A Short Biographical Dictionary of English Literature/Bayly, Thomas Haynes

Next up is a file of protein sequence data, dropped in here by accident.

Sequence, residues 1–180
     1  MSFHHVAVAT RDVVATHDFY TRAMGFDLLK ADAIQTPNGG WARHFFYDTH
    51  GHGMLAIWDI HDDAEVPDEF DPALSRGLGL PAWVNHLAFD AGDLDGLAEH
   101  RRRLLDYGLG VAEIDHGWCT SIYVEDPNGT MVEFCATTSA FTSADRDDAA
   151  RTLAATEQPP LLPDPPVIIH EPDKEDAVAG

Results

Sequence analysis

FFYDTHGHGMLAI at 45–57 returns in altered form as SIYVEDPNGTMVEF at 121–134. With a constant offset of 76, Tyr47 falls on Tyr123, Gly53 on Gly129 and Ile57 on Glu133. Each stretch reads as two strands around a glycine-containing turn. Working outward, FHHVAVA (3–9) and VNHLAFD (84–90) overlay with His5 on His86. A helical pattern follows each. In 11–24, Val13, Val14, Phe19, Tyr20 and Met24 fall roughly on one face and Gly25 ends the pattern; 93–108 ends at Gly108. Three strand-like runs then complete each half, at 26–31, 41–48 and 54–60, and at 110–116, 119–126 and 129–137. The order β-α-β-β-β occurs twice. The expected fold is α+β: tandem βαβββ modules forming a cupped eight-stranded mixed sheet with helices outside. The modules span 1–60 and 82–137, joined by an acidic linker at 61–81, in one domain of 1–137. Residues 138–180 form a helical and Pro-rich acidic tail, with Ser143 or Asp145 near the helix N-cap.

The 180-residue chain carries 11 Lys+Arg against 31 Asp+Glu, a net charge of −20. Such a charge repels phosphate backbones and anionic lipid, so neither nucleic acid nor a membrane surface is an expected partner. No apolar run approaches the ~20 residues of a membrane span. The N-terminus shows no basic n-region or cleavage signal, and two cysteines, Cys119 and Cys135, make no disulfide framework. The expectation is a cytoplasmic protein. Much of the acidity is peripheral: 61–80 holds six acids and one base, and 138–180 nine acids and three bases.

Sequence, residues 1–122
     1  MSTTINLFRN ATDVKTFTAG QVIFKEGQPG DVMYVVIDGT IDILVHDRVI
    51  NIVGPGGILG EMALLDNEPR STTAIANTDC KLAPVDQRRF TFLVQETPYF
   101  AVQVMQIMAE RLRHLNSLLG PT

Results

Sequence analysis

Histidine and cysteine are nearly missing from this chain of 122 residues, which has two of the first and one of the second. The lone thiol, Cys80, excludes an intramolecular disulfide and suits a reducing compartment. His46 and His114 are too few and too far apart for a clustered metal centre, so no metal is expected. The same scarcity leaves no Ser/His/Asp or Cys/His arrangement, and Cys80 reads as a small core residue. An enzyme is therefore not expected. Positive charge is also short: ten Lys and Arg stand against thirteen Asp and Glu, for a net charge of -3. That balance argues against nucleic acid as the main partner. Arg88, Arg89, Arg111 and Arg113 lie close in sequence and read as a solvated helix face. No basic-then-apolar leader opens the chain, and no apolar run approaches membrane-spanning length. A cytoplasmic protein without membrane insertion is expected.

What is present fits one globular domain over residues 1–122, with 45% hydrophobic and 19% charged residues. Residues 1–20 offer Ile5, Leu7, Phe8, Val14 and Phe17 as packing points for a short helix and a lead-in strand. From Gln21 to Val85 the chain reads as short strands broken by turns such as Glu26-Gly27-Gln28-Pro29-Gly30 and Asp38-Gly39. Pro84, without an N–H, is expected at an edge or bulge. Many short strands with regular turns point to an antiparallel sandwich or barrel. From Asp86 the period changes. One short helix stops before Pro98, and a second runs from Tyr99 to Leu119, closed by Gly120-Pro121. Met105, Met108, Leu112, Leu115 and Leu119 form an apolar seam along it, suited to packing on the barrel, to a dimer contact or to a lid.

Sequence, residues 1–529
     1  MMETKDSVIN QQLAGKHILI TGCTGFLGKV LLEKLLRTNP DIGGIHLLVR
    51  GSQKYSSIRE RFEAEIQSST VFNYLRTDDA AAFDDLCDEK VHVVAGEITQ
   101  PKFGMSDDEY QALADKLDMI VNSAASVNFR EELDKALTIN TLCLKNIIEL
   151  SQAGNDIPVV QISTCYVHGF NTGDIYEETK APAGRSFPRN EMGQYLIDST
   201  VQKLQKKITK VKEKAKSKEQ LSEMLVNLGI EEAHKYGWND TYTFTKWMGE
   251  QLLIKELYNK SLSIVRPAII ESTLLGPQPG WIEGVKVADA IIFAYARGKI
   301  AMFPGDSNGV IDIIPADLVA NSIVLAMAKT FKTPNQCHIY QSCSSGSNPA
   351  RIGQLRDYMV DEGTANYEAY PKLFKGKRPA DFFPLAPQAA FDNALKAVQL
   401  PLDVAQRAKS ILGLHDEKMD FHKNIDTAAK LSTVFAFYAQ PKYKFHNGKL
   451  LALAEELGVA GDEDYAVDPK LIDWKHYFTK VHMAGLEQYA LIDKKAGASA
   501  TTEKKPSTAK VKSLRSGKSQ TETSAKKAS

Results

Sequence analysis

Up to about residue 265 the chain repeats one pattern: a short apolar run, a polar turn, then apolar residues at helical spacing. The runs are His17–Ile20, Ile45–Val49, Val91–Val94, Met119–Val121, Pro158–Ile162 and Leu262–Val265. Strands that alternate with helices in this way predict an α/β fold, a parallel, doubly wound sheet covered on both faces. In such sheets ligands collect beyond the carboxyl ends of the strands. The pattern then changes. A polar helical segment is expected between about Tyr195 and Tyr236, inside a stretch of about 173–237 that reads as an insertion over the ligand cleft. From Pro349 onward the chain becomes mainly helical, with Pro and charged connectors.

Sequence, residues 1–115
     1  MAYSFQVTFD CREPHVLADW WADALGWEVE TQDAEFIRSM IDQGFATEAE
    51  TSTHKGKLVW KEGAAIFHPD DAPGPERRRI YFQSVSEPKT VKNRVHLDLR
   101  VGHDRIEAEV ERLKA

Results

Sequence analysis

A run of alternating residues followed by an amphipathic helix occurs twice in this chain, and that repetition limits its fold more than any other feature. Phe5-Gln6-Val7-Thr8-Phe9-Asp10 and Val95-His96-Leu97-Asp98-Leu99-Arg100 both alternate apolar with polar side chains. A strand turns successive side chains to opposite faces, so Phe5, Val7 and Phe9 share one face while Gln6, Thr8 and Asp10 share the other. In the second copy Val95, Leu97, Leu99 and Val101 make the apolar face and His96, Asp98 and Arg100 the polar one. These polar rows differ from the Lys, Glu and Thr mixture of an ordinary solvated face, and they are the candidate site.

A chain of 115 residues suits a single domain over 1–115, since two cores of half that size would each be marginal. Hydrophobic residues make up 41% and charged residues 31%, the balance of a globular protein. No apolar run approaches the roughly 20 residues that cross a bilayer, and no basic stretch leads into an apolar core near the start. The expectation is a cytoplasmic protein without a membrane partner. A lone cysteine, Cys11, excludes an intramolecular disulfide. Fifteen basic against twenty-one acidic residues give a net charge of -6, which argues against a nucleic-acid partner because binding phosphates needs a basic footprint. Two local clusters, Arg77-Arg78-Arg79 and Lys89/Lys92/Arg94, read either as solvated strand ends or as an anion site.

Bayly, Thomas Haynes (1797-1839). -- Miscellaneous writer, s. of a wealthy lawyer in Bath. Originally intended for the law, he changed his mind and thought of entering the Church, but abandoned this idea also, and gave himself to writing for the stage and the periodical press. He is chiefly known for his songs, of which he wrote hundreds, which, set to the music of Bishop and other eminent composers, found universal acceptance. Some were set to his own music. He also wrote several novels and a number of farces, etc. Although making a large income from his writings, in addition to that of his wife, he fell into embarrassed circumstances. Among the best known of his songs are I'd be a Butterfly, Oh, no, we never mention Her, and She wore a Wreath of Roses. He may be regarded as, excepting Moore, the most popular song writer of his time.